Mitch McConnell said he wanted to have "hearings" on the 14th Amendment, and the automatic citizenship it confers on the children of immigrants, regardless of their legal status. Then he backed off, sort of, and now he's talking about it again.
"Many of these positions have been coming from the extreme side," Janet Murguía, president of the National Council of La Raza, said in response to a question from TPM. "Now we're starting to see obviously more mainstream voices with that push and it's extremely troubling to us."
Murguía was referring to Senate Minority Leader Mitch McConnell, Sen. John McCain and other top Republicans who say they are open to hearings looking at whether the Constitution should be changed to deny citizenship to children born of illegal immigrants who are on U.S. soil.
Comments from McConnell, Sen. John Kyl and Sen. Lindsey Graham are "an affront to the constitution we've established in this country, Murguía said. "It's pretty clearly established in the Constitution that that is recognized law, and this kind of a challenge should give us all pause."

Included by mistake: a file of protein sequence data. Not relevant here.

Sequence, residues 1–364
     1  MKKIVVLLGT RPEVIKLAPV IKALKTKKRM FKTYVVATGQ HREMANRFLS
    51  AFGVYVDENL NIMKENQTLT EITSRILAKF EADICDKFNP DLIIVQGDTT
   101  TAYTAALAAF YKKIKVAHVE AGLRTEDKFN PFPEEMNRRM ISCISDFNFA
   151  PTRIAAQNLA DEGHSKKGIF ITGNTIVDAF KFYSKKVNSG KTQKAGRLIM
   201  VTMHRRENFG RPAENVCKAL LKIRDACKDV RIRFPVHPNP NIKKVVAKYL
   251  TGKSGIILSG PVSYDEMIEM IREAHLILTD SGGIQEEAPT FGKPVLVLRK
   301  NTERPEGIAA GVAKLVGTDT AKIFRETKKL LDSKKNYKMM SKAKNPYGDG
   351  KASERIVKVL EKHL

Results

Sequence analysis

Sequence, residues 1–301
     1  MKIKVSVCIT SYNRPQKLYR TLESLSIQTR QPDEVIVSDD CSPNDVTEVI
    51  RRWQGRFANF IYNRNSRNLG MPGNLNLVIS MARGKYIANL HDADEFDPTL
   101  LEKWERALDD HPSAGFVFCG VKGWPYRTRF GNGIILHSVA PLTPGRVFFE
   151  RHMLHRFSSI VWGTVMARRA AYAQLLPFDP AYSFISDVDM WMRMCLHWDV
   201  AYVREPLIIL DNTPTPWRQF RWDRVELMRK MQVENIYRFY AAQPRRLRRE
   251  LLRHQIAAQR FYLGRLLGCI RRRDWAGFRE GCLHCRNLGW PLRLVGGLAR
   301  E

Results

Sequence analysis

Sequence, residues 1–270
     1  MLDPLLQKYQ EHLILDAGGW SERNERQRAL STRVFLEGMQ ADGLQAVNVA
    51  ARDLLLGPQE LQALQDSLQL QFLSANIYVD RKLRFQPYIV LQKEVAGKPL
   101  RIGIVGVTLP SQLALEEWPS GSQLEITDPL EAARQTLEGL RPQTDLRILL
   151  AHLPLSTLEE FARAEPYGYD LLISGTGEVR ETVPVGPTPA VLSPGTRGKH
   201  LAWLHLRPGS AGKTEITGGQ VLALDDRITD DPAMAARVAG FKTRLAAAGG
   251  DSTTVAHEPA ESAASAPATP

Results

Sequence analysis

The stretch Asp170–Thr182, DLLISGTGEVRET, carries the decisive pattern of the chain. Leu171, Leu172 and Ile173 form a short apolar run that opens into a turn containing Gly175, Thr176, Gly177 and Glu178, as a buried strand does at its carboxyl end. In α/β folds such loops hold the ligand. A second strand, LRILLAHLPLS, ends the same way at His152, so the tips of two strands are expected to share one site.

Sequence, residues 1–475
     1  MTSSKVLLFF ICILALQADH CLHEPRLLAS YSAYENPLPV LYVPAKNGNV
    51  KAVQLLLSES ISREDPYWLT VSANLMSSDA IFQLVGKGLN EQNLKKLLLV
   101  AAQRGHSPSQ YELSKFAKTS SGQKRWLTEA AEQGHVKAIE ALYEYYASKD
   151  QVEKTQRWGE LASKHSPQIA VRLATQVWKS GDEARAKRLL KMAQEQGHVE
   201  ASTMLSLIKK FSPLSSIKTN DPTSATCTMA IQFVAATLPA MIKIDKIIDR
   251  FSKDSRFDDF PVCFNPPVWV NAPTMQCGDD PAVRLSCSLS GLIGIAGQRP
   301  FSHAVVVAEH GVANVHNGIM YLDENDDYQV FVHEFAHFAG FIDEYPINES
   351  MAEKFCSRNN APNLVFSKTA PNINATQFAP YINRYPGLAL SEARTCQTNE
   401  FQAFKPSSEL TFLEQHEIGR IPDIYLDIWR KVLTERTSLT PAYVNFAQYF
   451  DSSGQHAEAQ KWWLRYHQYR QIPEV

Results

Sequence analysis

It's troubling, yes. Dangerous, even. It's scary to consider the kind of once-fringey positions that have become mainstream -- what elected officials are willing to discuss publicly these days. I don't want to downplay that.
But it's not going to go anywhere
, and everyone involved knows it. It's not just that the 14th Amendment is pretty straightforward, it's also that the principle of automatic citizenship for everyone born here (accept the offspring of diplomatic staff) has been reaffirmed by the courts time and time again (I'll have a feature on the next week).
So no legislative fix is going to do the trick -- they'd have to amend the Constitution. And I wonder how many Tea Party types are even aware that doing so requires a 2/3 super-majority in both
chambers of congress, and then has to be ratified by 3/4 of the state legislatures (or conventions). There have been over 100,000 amendments proposed, and 27 have made it. None took away any fundamental rights.
In other words, this is a perfect wedge issue for right-wing demagogues. They can rail about it endlessly and never win, never settle it. It'll just continue to add to the conservative "plenty-plaint." And it'll be a source of endless grievance-based fundraising. But the rubes will buy into it -- they'll think it's a legitimate effort to make public policy rather than a cynical ploy to fire up their passions.
Also: see Seth Hoy's piece in Special Coverage